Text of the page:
Types of surgery for lung cancer

Surgery for lung cancer is done in a specialist centre, and is carried out by specialist lung surgeons.

Types of surgery for lung cancer include removing:

  • one lobe (lobectomy)
  • two lobes (bilobectomy)
  • the whole lung (pneumonectomy)
  • a section of the lung (wedge, segmentectomy)
  • lymph nodes

What type of lung surgery do I need?

The type of surgery you need for lung cancer depends on:

  • the size of the cancer
  • the position of the cancer in the lung
  • the type of lung cancer (small cell or non small cell lung cancer)
  • whether it has spread

Removing lobes of the lung

The lungs are divided into sections called lobes. There are 2 lobes in the left lung and 3 in the right lung.

Removing one lobe (lobectomy)

Lobectomy means removing one lobe of the lung. Your surgeon will recommend this type of operation if the cancer is just in one part of one lung. It is the most common type of operation for early stage lung cancer.

Diagram showing the removal of lobe of the lung (lobectomy)

Removing two lobes (bilobectomy)

This means removing two lobes of the lung.

Diagram showing the removal of two lobes of the lung (bilobectomy)

Removing the whole lung

The operation to remove the whole lung is called a pneumonectomy (new-mon-ek-tom-ee). Your specialist will recommend this operation if the cancer is in the central area of the lung and involves either the 2 lobes in the left lung or the 3 lobes in the right lung.

Diagram showing the removal of a whole lung (pneumonectomy)

After a pneumonectomy, you might find doing certain things harder than before. Some people find demanding physical activity more difficult than before. You may also find that you become more breathless than before.

Your doctor will arrange for you to have breathing tests before the surgery to help decide if this operation is right for you.

Removing a section of lung

Some operations remove particular areas of the lung. You might have these types of operation if the cancer:

  • has been diagnosed early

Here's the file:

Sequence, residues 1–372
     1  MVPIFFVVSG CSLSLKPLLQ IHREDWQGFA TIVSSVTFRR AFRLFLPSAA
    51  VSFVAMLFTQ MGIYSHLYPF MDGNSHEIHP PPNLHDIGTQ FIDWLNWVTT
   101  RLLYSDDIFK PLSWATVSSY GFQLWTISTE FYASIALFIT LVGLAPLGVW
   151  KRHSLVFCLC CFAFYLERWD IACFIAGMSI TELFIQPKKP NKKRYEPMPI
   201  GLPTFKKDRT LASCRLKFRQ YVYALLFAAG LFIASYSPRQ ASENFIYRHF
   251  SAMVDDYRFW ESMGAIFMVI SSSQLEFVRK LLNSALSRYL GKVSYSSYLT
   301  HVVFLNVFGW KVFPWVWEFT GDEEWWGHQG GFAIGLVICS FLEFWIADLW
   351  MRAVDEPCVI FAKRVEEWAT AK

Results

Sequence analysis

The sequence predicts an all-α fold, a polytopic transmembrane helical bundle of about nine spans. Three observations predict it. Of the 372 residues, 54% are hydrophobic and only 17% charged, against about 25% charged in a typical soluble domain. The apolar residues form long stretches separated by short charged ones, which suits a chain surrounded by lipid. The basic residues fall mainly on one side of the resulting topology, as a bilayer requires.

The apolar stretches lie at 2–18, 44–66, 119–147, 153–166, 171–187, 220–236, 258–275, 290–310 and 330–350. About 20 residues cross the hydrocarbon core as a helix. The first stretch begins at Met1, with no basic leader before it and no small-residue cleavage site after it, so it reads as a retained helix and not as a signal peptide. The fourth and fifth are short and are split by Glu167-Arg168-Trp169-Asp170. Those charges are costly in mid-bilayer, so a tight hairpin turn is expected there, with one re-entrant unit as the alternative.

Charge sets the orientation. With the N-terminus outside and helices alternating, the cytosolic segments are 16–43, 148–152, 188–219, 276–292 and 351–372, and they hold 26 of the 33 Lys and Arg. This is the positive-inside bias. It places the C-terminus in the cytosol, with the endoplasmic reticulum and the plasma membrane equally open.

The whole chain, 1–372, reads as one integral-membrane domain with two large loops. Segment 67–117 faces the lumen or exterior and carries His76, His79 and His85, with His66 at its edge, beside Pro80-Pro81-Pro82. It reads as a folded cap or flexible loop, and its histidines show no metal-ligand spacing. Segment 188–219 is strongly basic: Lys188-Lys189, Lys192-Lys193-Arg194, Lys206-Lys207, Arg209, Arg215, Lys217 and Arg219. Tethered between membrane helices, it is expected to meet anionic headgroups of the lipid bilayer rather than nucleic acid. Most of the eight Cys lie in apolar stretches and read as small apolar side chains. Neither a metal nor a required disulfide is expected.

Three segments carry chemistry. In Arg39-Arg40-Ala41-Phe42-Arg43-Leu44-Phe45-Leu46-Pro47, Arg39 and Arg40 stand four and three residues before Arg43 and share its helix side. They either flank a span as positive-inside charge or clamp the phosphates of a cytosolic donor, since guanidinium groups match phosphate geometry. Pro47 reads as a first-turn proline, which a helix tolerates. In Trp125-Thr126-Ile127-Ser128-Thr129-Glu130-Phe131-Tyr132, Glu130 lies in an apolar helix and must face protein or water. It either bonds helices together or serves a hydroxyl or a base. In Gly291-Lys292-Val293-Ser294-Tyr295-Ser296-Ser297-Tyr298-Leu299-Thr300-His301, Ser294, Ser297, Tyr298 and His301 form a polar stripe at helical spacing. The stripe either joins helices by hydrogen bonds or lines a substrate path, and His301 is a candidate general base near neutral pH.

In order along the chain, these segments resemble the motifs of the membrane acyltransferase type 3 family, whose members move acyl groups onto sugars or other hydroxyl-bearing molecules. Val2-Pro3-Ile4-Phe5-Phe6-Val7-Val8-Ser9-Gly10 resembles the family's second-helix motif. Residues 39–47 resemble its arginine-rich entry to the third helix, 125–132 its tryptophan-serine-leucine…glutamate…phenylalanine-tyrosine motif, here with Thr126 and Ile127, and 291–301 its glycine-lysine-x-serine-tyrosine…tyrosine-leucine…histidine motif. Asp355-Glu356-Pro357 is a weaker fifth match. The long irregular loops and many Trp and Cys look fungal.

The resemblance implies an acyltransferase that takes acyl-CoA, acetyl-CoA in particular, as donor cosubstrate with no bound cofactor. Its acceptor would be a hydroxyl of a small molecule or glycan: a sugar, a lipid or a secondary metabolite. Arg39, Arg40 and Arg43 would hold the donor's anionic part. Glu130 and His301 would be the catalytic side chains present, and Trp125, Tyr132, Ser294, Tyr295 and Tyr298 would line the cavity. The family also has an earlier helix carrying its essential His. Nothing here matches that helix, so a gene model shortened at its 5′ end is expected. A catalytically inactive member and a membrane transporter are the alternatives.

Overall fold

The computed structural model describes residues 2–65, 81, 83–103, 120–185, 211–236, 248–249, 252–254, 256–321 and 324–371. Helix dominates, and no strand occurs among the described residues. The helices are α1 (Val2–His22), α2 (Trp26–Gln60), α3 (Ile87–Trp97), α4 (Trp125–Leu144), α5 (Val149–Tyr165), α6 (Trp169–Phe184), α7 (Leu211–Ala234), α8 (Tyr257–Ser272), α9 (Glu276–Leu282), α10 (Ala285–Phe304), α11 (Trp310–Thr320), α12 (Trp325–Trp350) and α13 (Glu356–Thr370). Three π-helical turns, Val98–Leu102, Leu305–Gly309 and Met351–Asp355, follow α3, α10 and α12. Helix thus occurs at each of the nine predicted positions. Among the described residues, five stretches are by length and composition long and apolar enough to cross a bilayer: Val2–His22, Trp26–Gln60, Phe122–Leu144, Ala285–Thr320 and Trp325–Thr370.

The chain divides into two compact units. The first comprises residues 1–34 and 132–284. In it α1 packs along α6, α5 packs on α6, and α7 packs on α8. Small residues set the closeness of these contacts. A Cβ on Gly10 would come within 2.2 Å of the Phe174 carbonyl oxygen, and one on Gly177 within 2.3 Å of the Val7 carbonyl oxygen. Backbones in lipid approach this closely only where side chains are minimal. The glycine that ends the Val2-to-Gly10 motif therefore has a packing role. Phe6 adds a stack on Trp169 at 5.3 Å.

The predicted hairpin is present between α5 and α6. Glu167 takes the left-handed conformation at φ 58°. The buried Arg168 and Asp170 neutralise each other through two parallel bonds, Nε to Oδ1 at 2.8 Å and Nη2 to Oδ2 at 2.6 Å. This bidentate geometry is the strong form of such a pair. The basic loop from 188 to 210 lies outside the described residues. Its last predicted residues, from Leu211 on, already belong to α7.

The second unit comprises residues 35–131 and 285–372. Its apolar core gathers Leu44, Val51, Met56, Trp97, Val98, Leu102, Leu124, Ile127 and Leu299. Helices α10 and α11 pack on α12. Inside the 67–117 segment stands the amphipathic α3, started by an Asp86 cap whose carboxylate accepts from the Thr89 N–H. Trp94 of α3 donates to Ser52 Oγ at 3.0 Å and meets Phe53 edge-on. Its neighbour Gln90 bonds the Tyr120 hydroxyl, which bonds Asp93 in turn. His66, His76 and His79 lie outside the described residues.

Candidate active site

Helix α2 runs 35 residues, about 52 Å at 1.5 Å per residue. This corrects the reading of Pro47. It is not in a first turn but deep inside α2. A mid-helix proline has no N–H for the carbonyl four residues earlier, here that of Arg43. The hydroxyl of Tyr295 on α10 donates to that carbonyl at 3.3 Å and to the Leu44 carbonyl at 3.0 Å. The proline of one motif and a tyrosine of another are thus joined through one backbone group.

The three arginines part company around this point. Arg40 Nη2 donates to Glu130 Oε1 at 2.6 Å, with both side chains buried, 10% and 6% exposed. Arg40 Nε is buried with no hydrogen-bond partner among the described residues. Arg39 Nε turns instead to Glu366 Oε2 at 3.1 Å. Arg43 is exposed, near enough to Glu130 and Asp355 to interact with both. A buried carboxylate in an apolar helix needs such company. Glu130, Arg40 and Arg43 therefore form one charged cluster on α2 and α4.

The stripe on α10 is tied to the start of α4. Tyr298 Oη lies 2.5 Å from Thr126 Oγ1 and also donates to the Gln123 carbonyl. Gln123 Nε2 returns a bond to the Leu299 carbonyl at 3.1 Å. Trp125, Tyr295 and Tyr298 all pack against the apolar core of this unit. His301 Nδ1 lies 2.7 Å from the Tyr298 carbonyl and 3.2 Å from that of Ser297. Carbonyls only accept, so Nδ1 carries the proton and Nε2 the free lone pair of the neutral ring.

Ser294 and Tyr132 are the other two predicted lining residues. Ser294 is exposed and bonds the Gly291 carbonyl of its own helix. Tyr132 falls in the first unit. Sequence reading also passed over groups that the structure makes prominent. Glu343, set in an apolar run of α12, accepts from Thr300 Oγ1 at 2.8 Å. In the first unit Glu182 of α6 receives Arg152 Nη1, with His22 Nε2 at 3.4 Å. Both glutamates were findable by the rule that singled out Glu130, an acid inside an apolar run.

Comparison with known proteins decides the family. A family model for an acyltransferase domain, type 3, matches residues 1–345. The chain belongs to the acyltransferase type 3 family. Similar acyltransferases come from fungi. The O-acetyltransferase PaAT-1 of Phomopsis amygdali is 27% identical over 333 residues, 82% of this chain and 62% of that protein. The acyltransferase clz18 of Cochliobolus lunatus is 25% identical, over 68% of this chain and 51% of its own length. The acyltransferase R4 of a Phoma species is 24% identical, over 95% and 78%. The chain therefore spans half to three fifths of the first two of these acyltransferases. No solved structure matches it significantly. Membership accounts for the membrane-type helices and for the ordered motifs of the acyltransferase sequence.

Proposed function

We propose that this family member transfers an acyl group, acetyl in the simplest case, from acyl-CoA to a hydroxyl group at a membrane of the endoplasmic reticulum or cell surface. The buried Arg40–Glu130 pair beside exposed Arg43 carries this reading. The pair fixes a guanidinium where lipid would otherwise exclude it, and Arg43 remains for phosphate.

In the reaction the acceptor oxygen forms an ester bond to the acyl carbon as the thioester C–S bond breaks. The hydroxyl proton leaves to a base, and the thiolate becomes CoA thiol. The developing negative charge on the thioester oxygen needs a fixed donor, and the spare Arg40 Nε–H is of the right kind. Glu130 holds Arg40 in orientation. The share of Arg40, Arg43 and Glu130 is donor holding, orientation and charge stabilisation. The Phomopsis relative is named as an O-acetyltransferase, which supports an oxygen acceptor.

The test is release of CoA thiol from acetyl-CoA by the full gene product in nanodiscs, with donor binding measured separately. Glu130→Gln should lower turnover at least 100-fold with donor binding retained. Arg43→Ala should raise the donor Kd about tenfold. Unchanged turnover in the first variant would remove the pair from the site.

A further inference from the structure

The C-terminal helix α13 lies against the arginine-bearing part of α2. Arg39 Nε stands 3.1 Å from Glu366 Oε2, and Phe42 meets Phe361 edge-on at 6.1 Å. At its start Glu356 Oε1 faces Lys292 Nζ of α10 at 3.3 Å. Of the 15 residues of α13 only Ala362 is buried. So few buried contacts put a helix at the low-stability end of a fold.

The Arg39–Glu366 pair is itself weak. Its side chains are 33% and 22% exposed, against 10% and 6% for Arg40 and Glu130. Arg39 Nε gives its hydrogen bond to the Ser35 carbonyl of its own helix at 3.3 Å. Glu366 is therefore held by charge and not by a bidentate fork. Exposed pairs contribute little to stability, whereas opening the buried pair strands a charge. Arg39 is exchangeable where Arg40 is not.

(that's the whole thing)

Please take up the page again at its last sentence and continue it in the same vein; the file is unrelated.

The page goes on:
• is only in one very small area

If your specialist thinks the cancer cells could be anywhere else in the lung they won’t recommend this type of operation.

Wedge resection

A wedge resection removes an area of the lung that includes part of one or more lobes.


A segmentectomy removes areas of the lung along with their veins, arteries and airways.

Sleeve resection

You might have an operation called a sleeve resection if your cancer is in the central area of the lung and growing into one of your main airways (bronchi). Your surgeon removes the affected section of the airway and any surrounding cancer in the lobe. This operation is not as common as other types of lung cancer surgery.

Removing lymph nodes

During your operation the surgeon examines the lung and surrounding area. They take out some of the nearby lymph nodes in case they contain cancer cells that have spread from the main cancer. This is called lymphadenectomy. The number of lymph nodes your surgeon removes varies.

If the lymph nodes contain cancer cells your doctor usually recommends that you have chemotherapy after your surgery.

How you have your operation

To remove your lung cancer, you might have open surgery (thoracotomy or sternotomy) or keyhole surgery.


Your surgeon makes a cut that runs around the side of the chest. This is called a thoracotomy. Sometimes the cut may only be a few centimetres long. But it can also be longer and run from under the nipple around to your back under the shoulder blade.


During a sternotomy, your surgeon makes a cut through the length of the breastbone (sternum). It gives them access to both the left and right sides of the chest.

Keyhole surgery

Keyhole surgery can remove small, early, non small cell lung cancers. The medical name for this operation is video assisted thoracoscopic surgery (VATS). The surgeon makes 1, 2 or 3 small cuts on the side of your chest. They use a long, bendy tube called a thoracoscope.

Having keyhole surgery

The thoracoscope connects to a fibre optic camera. This shows pictures of the inside of the chest on a video screen. The surgeon puts the surgical instruments into the other cuts to remove the cancer.

Diagram showing video assisted thoracoscopy

Robotic assisted thoracic surgery (RATS)

This surgery uses a computer system to help the surgeon to guide the surgical tools. RATS might not be available at all hospitals.

  • Non-small cell lung cancer
    BMJ Best Practice

    Accessed February 2023

  • Lung cancer: diagnosis and management

    National Institute for Health and Care Excellence, 2019 (updated 22 September 2022)

  • Management of lung cancer
    Scottish Intercollegiate Guideline Network, 2014

  • The information on this page is based on literature searches and specialist checking. We used many references and there are too many to list here. If you need additional references for this information please contact patientinformation@cancer.org.uk with details of the particular risk or cause you are interested in.

Last reviewed: 
01 Feb 2023
Next review due: 
01 Feb 2026

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